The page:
Radiology Technician: Training in this field ranges from 1-year certificate programs to 4-year degree programs, as well as masters degree programs. The Joint Review Committee on Education in Radiologic Technology accredits over 600 such programs. In addition, the ARRT (American Registry of Radiologic Technologists) oversees professional certification programs in this area, and many states use ARRT exams as part of their licensure requirements.

Physical Therapist: Since careers in physical therapy require at least a masters degree, those who wish to pursue this occupation should make sure that their undergraduate institution is regionally accredited in order to be competitive for graduate school admissions. Physical therapy programs at the masters or doctoral level should be accredited by the Commission on Accreditation in Physical Therapy Education. Additionally, in order to practice physical therapy, professionals in this field must pass state and national licensing exams.

This information is designed to help you begin to plan your career training program in healthcare; be sure to check with your state licensing agencies or employer for specific information about requirements for advancing in your field of choice.

When a Healthcare School Loses Accreditation

For students in medicine and allied health professions, attending an accredited school is even more significant than being eligible to receive financial aid or transfer credits easily from one institution to the next. Accreditation is intended to be a measure of educational quality, and in the healthcare professions, educational quality is quite literally a matter of life and death. Choosing a properly accredited school and program is not only a smart career move. It means that you will have the resources to learn what you need to learn so that your future patients can trust you with their very lives.

Students in healthcare, therefore, have even more reason than average to be careful about their school's accreditation status. While it is a simple matter to check the Department of Education database for accreditation status before choosing a school, it is not always as easy to know what to do if your school loses accreditation. Attending a school that has lost accreditation can mean that students are ineligible for financial aid and professional licenses, and may also have trouble transferring credits to a new institution.

Will I Be Informed of Changes in My Schools Status?

Students may be surprised to learn that they might not even be informed if their school loses accreditation; there have been cases of schools that continue to operate without notifying students of their change in status. If you have suspicions that your school may be on the verge of losing accreditation, you can check with the accrediting body to see if your school is on probation or warning status. Although not every school on probation ultimately loses accreditation, it can be a signal that allows you to investigate matters further and change schools if necessary.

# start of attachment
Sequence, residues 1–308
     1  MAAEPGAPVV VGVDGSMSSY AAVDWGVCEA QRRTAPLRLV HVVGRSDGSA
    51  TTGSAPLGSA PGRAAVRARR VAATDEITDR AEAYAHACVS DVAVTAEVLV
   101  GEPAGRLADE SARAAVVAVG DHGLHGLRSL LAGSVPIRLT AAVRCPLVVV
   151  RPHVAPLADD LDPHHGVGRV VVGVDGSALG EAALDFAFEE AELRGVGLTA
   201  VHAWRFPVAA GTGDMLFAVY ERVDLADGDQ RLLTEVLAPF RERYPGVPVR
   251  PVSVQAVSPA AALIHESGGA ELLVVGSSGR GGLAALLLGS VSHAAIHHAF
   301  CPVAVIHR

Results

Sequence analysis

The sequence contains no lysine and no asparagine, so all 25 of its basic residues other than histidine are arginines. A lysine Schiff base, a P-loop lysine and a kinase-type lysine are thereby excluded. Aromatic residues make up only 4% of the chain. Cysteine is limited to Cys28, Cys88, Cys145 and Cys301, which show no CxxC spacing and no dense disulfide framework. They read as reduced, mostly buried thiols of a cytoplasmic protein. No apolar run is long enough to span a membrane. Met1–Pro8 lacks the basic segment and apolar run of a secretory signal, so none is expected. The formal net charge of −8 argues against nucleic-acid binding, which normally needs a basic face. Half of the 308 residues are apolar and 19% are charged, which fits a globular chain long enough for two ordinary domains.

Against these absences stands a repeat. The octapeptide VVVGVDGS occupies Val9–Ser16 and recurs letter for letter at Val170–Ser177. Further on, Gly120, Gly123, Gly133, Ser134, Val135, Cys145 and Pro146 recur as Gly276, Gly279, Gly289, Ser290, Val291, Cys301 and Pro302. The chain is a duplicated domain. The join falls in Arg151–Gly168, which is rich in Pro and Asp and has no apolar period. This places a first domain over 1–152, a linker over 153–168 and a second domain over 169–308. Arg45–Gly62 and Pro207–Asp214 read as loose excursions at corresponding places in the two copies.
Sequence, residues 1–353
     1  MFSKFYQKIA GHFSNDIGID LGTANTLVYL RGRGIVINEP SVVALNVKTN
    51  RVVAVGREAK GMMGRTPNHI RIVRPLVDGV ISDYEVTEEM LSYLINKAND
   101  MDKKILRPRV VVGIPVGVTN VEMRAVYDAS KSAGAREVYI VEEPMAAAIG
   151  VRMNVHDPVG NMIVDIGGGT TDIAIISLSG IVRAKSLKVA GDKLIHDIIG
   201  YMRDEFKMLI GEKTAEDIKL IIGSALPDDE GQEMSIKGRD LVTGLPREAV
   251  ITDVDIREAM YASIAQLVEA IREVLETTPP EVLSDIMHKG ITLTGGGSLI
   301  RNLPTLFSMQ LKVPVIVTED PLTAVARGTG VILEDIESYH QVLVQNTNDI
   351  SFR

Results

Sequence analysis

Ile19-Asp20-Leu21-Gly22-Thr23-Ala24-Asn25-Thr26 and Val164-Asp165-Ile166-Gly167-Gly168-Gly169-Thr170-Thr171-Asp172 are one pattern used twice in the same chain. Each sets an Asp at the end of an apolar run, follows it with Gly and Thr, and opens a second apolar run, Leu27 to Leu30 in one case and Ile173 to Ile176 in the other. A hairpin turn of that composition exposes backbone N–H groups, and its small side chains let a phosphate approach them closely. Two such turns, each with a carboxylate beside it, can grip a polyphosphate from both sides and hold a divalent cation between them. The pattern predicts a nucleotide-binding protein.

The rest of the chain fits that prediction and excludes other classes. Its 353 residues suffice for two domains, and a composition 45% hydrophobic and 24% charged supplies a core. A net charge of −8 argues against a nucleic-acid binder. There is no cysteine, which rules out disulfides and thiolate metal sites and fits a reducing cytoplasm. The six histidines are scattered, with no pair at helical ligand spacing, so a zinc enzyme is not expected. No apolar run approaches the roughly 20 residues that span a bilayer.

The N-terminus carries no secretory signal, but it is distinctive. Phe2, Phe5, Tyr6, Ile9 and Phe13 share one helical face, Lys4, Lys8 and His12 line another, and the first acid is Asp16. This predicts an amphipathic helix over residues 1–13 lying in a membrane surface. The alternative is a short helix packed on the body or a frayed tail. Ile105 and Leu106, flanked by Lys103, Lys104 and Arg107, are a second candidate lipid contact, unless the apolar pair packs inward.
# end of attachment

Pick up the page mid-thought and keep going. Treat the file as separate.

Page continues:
Can I Get My Money Back?

Students who are left out in the cold when their school loses accreditation status may wonder if they can get their money back easily. Unfortunately, it is not so simple. As unfair as it is, you may not be able to receive any compensation for the time and trouble you took over classes that are ultimately worthless professionally. In some cases, students have brought lawsuits against their schools for deceiving them about accreditation status or program quality, but it can be difficult to win such cases. In other words, there is no guarantee that you will be able to recoup any financial or professional losses if your school loses accreditation.

How to Avoid the Situation

In order to avoid finding yourself in this situation, always check to make sure that your school is accredited by the proper institutional and specialty accrediting bodies for your field (such as the American Medical Association or the Accrediting Bureau of Health Education Schools). Check to make sure that your program of choice is not on probation, and be alert for signs of diminishing educational quality as you pursue your program. If you plan to transfer, review all credit transfer policies carefully.

Although having your school lose accreditation can set you back years in your career, it is fairly uncommon. Once you are aware of the issue, it is much easier to focus on other aspects of your education and your career.